|Year of Birth:||1924|
|Year of Death:||2005|
Nell Rankin (January 3, 1924 – January 13, 2005) was an American operatic mezzo-soprano. Though a successful opera singer internationally, she spent most of her career at the Metropolitan Opera, where she worked from 1951 to 1976. She was particularly admired for her portrayals of Amneris in Verdi's Aida and the title role in Bizet's Carmen. Opera News said, "Her full, generous tone and bold phrasing, especially in the Italian repertory, were unique among American mezzos of her generation.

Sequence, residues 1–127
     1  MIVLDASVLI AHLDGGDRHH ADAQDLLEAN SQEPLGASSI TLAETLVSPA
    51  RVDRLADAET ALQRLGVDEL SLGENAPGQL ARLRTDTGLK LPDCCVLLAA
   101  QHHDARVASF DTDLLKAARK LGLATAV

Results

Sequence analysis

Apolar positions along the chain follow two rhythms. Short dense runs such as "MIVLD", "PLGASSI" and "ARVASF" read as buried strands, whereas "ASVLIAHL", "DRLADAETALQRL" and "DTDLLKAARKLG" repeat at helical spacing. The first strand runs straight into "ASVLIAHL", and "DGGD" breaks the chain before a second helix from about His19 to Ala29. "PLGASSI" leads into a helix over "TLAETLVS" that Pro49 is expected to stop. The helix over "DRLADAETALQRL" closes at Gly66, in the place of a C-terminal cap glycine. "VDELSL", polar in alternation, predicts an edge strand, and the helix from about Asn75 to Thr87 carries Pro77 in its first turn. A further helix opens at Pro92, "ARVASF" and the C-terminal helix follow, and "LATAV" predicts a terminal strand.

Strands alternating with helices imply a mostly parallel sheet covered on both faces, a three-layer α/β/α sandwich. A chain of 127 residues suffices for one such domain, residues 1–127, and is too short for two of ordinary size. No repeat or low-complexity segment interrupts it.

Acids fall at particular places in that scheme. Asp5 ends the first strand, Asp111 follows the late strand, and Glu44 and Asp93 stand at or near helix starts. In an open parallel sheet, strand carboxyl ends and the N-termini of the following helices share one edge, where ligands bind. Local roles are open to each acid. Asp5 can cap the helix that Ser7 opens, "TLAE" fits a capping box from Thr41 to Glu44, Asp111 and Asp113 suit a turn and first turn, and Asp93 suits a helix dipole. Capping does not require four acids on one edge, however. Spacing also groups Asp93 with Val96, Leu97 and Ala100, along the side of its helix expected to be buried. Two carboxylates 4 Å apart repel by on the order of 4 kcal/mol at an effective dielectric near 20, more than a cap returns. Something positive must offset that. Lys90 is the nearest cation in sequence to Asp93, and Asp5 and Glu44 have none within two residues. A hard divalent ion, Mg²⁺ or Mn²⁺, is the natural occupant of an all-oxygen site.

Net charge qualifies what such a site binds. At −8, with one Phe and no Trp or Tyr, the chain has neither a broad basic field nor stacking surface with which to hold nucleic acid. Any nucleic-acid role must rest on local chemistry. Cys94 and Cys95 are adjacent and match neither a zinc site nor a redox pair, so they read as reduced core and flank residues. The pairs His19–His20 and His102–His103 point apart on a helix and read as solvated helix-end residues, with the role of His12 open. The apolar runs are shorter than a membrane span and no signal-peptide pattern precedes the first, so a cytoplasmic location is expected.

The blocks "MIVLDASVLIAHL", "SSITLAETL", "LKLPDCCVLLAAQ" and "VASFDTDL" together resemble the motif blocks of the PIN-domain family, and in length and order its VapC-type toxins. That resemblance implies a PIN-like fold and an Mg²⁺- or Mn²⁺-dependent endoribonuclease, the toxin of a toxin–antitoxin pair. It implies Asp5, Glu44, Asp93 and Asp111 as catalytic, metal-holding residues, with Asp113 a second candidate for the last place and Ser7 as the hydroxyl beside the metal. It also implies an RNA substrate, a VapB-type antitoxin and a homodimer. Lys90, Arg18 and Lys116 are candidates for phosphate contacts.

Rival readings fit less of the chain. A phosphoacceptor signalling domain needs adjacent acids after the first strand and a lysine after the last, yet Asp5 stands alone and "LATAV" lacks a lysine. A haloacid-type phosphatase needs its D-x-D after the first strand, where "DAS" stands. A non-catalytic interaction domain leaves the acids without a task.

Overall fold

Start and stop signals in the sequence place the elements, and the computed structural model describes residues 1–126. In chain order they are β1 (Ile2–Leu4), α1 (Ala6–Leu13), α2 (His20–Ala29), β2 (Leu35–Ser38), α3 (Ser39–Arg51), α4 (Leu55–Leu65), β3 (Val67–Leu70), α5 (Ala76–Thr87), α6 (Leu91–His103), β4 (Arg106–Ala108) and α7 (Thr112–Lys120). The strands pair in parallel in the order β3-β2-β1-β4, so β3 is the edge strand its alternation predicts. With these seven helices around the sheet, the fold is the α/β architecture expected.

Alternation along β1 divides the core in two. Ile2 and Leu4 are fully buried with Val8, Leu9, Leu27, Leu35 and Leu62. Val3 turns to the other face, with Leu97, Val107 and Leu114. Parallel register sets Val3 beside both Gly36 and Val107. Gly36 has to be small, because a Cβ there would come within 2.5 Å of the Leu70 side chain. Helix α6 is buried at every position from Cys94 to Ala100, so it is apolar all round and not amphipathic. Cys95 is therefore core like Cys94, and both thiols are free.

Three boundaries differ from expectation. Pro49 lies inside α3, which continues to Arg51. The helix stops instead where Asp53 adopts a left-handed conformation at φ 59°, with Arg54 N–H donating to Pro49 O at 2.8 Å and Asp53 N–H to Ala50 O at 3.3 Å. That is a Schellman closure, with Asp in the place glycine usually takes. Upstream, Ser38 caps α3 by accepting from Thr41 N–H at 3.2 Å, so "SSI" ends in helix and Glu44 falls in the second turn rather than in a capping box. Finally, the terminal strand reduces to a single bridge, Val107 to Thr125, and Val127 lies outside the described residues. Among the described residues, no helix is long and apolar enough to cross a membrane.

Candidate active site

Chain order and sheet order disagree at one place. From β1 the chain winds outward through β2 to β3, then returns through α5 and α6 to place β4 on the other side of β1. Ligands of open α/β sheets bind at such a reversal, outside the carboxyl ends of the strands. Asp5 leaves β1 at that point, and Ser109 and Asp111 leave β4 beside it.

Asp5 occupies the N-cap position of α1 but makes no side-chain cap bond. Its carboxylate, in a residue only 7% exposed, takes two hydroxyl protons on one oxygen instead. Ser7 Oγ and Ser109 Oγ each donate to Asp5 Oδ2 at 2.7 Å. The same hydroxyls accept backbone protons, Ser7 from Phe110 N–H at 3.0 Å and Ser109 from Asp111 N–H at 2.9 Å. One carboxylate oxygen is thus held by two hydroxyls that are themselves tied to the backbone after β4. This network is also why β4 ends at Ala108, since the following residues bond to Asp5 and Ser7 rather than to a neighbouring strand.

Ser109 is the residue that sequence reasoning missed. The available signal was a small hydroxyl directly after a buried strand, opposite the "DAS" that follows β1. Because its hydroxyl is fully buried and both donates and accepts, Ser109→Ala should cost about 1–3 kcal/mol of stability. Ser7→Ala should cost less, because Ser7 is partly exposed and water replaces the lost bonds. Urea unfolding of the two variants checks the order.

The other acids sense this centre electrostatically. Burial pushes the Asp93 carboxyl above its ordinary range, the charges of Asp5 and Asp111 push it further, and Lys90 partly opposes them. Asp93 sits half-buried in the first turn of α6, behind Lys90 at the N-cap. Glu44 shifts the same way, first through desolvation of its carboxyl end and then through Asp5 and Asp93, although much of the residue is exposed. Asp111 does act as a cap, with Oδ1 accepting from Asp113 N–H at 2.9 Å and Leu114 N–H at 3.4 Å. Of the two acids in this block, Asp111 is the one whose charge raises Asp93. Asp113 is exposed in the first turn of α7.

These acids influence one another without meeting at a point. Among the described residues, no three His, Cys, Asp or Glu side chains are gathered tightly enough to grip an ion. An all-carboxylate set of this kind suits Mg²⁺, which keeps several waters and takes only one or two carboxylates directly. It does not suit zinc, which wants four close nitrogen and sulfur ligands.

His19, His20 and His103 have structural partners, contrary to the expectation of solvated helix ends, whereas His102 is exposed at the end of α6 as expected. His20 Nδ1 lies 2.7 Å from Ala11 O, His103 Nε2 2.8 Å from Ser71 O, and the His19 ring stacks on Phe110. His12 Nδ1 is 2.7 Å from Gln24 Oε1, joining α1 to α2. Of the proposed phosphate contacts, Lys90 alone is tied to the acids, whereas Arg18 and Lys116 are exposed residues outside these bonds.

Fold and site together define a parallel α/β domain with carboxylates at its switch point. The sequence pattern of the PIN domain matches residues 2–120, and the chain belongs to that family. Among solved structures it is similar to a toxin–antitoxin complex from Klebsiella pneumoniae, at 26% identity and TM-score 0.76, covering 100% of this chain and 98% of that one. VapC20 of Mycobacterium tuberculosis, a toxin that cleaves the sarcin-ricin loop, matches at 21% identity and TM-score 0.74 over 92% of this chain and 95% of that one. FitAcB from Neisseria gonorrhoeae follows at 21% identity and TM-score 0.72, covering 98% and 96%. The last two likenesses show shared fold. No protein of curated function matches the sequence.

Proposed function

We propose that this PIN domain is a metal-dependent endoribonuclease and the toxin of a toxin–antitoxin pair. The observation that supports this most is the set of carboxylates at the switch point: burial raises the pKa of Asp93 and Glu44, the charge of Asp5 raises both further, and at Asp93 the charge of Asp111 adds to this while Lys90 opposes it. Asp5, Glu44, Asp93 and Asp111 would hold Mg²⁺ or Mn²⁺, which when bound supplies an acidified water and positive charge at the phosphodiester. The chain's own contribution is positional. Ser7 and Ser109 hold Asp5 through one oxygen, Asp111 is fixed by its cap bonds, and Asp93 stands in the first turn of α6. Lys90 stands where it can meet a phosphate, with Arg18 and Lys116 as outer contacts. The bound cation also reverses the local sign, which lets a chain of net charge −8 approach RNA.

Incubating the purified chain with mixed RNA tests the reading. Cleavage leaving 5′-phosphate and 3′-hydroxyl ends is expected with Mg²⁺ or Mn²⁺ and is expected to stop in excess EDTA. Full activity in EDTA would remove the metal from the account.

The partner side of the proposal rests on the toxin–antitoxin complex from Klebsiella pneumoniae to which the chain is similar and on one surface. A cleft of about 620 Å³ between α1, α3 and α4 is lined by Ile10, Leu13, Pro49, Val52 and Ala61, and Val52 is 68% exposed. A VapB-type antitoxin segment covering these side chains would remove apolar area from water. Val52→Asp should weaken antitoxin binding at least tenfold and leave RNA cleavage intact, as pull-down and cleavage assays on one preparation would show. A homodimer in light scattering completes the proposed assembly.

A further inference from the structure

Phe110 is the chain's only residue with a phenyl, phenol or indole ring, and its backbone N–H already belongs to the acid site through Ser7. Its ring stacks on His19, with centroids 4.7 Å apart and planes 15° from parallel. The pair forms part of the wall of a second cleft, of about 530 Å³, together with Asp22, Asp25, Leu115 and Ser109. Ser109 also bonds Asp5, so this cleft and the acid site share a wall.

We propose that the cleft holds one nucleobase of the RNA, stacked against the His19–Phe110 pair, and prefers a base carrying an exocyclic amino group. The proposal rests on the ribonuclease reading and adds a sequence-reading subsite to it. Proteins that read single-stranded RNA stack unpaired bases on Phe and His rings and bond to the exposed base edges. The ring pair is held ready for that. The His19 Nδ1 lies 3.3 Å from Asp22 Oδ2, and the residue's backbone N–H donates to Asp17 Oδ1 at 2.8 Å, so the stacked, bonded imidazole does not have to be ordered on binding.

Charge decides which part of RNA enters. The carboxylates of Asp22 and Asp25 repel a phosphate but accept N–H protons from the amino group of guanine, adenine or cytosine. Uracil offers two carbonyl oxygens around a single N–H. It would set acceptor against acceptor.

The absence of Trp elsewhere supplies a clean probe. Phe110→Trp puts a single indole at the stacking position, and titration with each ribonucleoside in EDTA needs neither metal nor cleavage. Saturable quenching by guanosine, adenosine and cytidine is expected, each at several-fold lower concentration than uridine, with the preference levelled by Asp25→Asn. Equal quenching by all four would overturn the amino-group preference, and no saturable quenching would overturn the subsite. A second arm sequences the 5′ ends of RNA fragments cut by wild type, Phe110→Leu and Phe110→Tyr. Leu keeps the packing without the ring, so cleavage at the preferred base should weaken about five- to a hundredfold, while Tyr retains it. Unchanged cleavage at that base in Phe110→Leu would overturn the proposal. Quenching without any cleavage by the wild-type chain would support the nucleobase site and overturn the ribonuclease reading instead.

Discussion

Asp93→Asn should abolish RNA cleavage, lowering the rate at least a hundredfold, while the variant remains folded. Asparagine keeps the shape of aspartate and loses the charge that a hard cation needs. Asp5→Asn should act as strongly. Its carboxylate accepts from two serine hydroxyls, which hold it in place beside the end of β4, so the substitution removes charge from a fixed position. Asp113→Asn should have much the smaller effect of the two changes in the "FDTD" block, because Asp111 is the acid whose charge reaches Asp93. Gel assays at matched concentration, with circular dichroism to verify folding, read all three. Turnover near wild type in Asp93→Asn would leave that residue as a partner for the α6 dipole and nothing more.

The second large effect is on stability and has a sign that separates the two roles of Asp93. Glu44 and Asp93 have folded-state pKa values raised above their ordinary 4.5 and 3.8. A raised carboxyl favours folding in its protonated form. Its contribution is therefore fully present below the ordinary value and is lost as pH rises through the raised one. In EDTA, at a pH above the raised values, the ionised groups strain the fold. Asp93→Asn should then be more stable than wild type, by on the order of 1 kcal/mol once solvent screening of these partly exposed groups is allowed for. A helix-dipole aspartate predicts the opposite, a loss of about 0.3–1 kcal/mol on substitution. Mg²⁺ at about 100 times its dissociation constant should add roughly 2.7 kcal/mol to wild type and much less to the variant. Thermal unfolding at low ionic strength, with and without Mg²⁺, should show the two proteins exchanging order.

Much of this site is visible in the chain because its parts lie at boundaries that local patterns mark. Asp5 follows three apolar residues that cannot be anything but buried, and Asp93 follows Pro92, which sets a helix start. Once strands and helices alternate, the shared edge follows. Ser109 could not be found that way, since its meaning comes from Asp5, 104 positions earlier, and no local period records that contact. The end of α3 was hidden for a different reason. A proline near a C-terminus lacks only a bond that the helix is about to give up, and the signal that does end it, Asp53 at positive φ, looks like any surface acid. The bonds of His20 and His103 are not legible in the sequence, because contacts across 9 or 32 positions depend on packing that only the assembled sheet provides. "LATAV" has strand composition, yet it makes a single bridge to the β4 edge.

Born in Montgomery, Alabama, Rankin was raised in a musical family. Along with her parents and siblings, Rankin grew up playing various musical instruments. She began performing at the age of four on the radio by singing for commercials. As a teenager she studied voice with Madame Jeanne Lorraine (a ten-year student of vocal pedagogue, Manuel Garcia), at the Birmingham Conservatory. In order to pay for her lessons with Lorraine, Rankin rented the Huntingdon College pool and spent her summers teaching the children of Montgomery to swim. Helen Traubel visited the conservatory to perform a recital in 1943. Determined to succeed in an opera career, Rankin went backstage and persuaded Traubel's accompanist, Coenraad V. Bos, to hear her sing. On Bos's advice, she moved to New York City to continue her studies with Karin Branzell. Her sister, Ruth Rankin, a soprano with similar ambitions, moved with her. An illuminating story of the Rankins is found in the biography of Jussi Bjoerling written by his wife, wherein she tells of Nell singing "O don fatale" for Maestro Bjoerling in their Montgomery home. Ten years later she knocked on his dressing room door at the Chicago Lyric to reintroduce herself as his Eboli for the evening.